Literacy is the best place to integrate Science and Social Studies.  Look for Read Alouds that reflect the content that you are teaching.  Some great examples that I use for my 6/7 class include:
History / Canada Past and Present: Underground Railroad by Barbara Smucker
Science: Electricity: City of Ember by Jeanne Duprau
Science: Form and Function: Titanic by Gordon Korman 

Don't forget 10 minutes of Shared Reading Daily!  I like to use articles that reflect the overall big idea that we are learning about. If you focus on being a Global Citizen or an Environmental Steward, you will find TONS of current and relevant articles to highlight your Big Idea.

Guided Reading - definitely the best bang for your buck!  Are you concerned that your students won't get in those key knowledge and understanding concepts for each Science / Social Studies Strand?  Select materials in Guided Reading that can really help to solidify these concepts.  Use your school resources, apps like Epic or even internet articles to work in small groups on these concepts.

Writing and Media - I integrate these concepts CONSTANTLY in my program.  I always have a rich task that my students need to do as a culminating task for the unit.  This is where I bring in the writing and media expectations.  Have focused mini lessons around the writer's workshop process, and around a specific text form you would like them to produce.  At the end, you will have a rich task that will hit more than one area in your curriculum.

TIP #4: USE INQUIRY
Yes, this is the "buzz" word that has been floating around for a while now.  But it is SO key to student engagement! It is also key to teachers feeling less stress about "fitting in their curriculum."
Use an article, (either in Shared Reading or Guided Reading as highlighted above).  Then, have students generate questions on things that they would like to learn more about in that particular concept.  It should spark some natural curiosity within the class.  Then, in your modelled writing lessons, focus on HOW to conduct the inquiry process, and become an efficient researcher.  You set the context, you foster the questioning and the learning.  And the students will run with it!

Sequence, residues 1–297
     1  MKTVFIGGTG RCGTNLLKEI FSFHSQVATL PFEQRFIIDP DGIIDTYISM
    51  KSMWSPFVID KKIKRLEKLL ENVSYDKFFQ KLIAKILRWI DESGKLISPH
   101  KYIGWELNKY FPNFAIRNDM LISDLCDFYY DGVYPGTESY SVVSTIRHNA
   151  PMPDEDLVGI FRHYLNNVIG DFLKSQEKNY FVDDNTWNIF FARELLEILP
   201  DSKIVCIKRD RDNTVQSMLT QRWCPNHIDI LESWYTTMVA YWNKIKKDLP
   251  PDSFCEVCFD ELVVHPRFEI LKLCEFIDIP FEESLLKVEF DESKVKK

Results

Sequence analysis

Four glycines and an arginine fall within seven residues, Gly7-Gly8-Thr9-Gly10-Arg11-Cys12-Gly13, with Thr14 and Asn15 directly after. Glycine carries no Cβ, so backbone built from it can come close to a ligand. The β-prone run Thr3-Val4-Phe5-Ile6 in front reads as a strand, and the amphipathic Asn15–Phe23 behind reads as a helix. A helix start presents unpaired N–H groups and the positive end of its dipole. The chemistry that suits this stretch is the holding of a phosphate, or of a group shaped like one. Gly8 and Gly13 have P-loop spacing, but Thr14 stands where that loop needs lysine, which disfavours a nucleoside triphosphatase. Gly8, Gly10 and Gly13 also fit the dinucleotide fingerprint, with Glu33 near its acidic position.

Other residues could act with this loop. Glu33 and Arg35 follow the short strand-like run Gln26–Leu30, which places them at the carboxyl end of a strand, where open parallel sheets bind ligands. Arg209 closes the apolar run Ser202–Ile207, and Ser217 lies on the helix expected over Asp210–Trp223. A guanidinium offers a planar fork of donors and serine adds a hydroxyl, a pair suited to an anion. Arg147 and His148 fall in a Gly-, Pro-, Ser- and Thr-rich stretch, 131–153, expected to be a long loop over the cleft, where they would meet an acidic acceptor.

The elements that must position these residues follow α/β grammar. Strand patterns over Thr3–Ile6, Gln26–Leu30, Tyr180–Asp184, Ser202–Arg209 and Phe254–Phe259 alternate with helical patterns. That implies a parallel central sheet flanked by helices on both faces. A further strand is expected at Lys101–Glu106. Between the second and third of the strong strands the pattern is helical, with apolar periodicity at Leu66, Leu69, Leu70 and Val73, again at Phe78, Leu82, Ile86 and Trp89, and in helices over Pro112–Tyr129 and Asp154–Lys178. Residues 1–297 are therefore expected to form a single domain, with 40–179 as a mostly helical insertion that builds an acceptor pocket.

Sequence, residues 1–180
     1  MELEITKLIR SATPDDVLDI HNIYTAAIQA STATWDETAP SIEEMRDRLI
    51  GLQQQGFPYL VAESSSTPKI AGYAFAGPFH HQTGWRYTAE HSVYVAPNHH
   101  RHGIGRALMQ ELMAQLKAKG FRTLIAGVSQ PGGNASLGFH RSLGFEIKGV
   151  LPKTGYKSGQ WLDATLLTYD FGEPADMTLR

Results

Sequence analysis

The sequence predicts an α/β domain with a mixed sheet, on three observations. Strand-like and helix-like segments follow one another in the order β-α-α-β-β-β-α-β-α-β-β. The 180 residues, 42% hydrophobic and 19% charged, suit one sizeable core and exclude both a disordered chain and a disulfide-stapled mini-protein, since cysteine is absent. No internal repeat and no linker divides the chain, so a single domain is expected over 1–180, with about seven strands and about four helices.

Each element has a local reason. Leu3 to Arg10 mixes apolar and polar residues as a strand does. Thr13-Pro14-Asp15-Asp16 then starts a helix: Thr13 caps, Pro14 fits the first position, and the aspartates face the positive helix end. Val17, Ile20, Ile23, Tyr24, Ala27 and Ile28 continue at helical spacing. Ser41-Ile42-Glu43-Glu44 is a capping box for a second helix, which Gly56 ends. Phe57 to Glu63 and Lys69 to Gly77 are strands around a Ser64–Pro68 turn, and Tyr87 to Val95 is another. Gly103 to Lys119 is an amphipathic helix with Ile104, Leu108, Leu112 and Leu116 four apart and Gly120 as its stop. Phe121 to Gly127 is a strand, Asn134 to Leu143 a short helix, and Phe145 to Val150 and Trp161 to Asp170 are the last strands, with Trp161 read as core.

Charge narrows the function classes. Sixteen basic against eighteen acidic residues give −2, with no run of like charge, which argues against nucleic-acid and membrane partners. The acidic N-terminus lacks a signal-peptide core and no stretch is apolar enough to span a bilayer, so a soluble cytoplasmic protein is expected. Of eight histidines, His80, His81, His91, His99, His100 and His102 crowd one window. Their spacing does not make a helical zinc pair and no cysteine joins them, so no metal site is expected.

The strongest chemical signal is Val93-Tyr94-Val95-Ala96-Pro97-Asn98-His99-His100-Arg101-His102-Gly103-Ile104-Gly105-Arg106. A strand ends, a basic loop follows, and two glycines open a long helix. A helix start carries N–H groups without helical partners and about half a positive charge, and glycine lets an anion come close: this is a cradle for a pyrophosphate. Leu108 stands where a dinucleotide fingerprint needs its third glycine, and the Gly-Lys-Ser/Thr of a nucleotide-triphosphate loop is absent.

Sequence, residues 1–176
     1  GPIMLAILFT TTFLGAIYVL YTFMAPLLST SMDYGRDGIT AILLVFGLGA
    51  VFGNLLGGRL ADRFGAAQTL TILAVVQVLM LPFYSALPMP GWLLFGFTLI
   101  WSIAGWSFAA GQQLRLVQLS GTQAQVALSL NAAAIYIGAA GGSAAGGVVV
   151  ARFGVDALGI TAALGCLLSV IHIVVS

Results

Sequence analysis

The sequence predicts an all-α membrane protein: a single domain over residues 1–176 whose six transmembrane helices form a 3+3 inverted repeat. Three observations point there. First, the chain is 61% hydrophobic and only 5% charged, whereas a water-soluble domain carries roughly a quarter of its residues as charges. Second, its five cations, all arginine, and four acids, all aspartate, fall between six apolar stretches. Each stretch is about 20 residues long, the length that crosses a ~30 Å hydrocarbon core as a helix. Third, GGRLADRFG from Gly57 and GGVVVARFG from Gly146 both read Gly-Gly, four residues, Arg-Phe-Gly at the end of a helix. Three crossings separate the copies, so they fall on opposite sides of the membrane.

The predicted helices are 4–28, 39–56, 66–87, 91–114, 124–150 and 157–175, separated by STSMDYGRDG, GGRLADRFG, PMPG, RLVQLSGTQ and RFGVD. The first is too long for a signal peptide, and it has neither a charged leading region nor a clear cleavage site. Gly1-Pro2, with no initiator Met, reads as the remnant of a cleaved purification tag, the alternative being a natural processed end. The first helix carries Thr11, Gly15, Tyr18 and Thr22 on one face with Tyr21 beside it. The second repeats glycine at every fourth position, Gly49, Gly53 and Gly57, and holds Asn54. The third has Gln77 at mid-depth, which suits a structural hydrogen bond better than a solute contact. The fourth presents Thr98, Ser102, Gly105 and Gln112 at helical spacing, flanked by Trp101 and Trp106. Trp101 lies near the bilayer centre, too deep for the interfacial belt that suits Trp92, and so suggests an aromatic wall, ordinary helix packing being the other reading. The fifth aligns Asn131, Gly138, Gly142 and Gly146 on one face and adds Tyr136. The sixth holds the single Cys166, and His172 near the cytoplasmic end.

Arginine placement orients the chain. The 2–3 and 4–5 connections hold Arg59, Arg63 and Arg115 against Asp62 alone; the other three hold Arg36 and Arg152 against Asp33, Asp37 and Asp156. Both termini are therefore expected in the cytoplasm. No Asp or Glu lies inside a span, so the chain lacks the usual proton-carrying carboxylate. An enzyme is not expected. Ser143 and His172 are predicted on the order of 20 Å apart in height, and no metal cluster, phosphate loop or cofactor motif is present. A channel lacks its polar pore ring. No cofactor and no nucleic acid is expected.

TIP #5 LOOK TO TPT FOR GREAT PRODUCTS
If you are still worried about putting it all together... have no fear!  For there are some amazing Combined Classroom Teachers on tpt!  I have really been focusing on developing my Combined Classroom Resources.  Currently, I have:



Want BOTH of my Combined History and Social Studies Units for a discounted price (save $5)!  Check This Bundle Out!

More combined classes resources will be posted! I am also going to bundle some of my other products for Grades 3 and 4 as Combined Classes Resources!  Please follow my tpt store for more updates!


Hopefully, you will feel more confident tackling a combined grade with these tips and tricks!  Please comment below if you have any more tips you would like to add!




1 comment:

  1. You have some GREAT ideas for splits! Thanks for sharing them. I've taught a LOT of 1/2 and K/1 splits over the years. The subject I find hardest is always Math.

    Enjoy your new school!

    ReplyDelete